FIG. 7 illustrates a measuring station 71 screwed to the end of the gun barrel 2. Here, as in FIG. 1, grooves 75 corresponding to the grooves 5 of FIG. 1 produce changes in the oscillator frequency. These changes are processed the same manner as in FIG. 1. The station 71 is removable after wear has made it unusable and replaceable with another station 71.
According to another embodiment of the invention, the muzzle velocity is measured by the device shown in FIG. 8 which corresponds to that in the aforementioned German patent specification DE-OS 20 23 938. Here, the muzzle of a gun barrel 81 has a metal sleeve 82 mounted thereon such as by means of threads. An insulated circular carrier 83 mounted on the sleeve holds a metallic ring 84. A conductor 85 connects the metallic ring to a transistor oscillator 86. A battery 87 which may be 6 volts or 12 volts energizes the oscillator.
The projectile 88 shown by dotted lines and passing through the metal ring produces changes in a receiver (not shown) connected to the oscillator 86.
In the example shown the oscillator 86 has an oscillator circuit inductance that produces a frequency stabilized oscillation of approximately 110 mHz. When the projectile emerges from the muzzle and passes through the ring 84, the projectile is coupled to the ring and raises the frequency of the oscillator. The magnitude of the frequency change depends upon the diameter ratio of the ring 84 and projectile 88.
The passage of the projectile through the slit ring 84 produces a change in frequency and amplitude which can be used to determine the muzzle velocity of the projectile. Further details are available from the aforementioned German Patent Publication DE-OS 20 23938.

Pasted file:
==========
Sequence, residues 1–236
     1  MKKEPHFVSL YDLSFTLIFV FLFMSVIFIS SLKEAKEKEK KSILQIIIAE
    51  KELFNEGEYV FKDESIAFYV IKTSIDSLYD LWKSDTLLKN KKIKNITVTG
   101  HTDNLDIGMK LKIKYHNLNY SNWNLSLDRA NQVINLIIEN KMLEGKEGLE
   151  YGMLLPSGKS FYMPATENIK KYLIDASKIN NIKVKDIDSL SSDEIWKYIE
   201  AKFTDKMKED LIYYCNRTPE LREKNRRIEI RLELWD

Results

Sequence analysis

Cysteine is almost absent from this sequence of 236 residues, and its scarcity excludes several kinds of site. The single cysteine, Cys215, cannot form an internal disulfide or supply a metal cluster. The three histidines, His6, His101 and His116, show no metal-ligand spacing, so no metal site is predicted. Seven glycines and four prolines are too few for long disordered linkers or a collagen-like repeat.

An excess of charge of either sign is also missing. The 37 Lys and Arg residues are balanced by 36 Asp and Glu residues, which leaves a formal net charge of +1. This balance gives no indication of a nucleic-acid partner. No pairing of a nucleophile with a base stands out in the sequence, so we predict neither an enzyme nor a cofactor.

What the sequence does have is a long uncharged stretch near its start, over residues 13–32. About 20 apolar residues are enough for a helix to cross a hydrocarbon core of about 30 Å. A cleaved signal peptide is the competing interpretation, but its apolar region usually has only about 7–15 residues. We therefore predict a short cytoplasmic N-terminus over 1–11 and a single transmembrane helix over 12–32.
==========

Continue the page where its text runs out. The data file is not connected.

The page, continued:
In FIG. 4 the programmable divider 12 is programmed in bit parallel fashion by a 16 bit word. This 16 bit word is transferred to the divider by a 16 bit shift register. The shift register is set with a 16 bit word by the fire control system via a programming interface.
The control orders for the counter 9 and the switch 14 in FIG. 4, such as count-up pulses along line 18 and switch control line 19, are derived from measuring pulses 15 within the control logic 11.
While embodiments of the invention have been described in detail it will be evident to those skilled in the art that the invention may be embodied otherwise without departing from its spirit and scope.
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|U.S. Classification||89/6.5, 102/215|
|International Classification||F42C17/04, F42C13/02, G01P3/66|
|Cooperative Classification||F42C17/04, G01P3/665, F42C13/026|
|European Classification||F42C17/04, G01P3/66B, F42C13/02R|
|Nov 13, 1986||AS||Assignment|
Owner name: DEUTSCH-FRANZOSISCHES FORSCHUNGSINSTITUT SAINT-LOU
Free format text: ASSIGNMENT OF ASSIGNORS INTEREST.;ASSIGNORS:WEGNER, VOLKER;SCHULTZE, GUNTER;REEL/FRAME:004627/0738
Effective date: 19840413
|Oct 20, 1987||CC||Certificate of correction|
|Nov 2, 1990||FPAY||Fee payment|
Year of fee payment: 4
|Dec 20, 1994||REMI||Maintenance fee reminder mailed|
|Feb 3, 1995||FPAY||Fee payment|
Year of fee payment: 8
|Feb 3, 1995||SULP||Surcharge for late payment|
|Dec 1, 1998||REMI||Maintenance fee reminder mailed|
|May 9, 1999||LAPS||Lapse for failure to pay maintenance fees|
|Jul 6, 1999||FP||Expired due to failure to pay maintenance fee|
Effective date: 19990512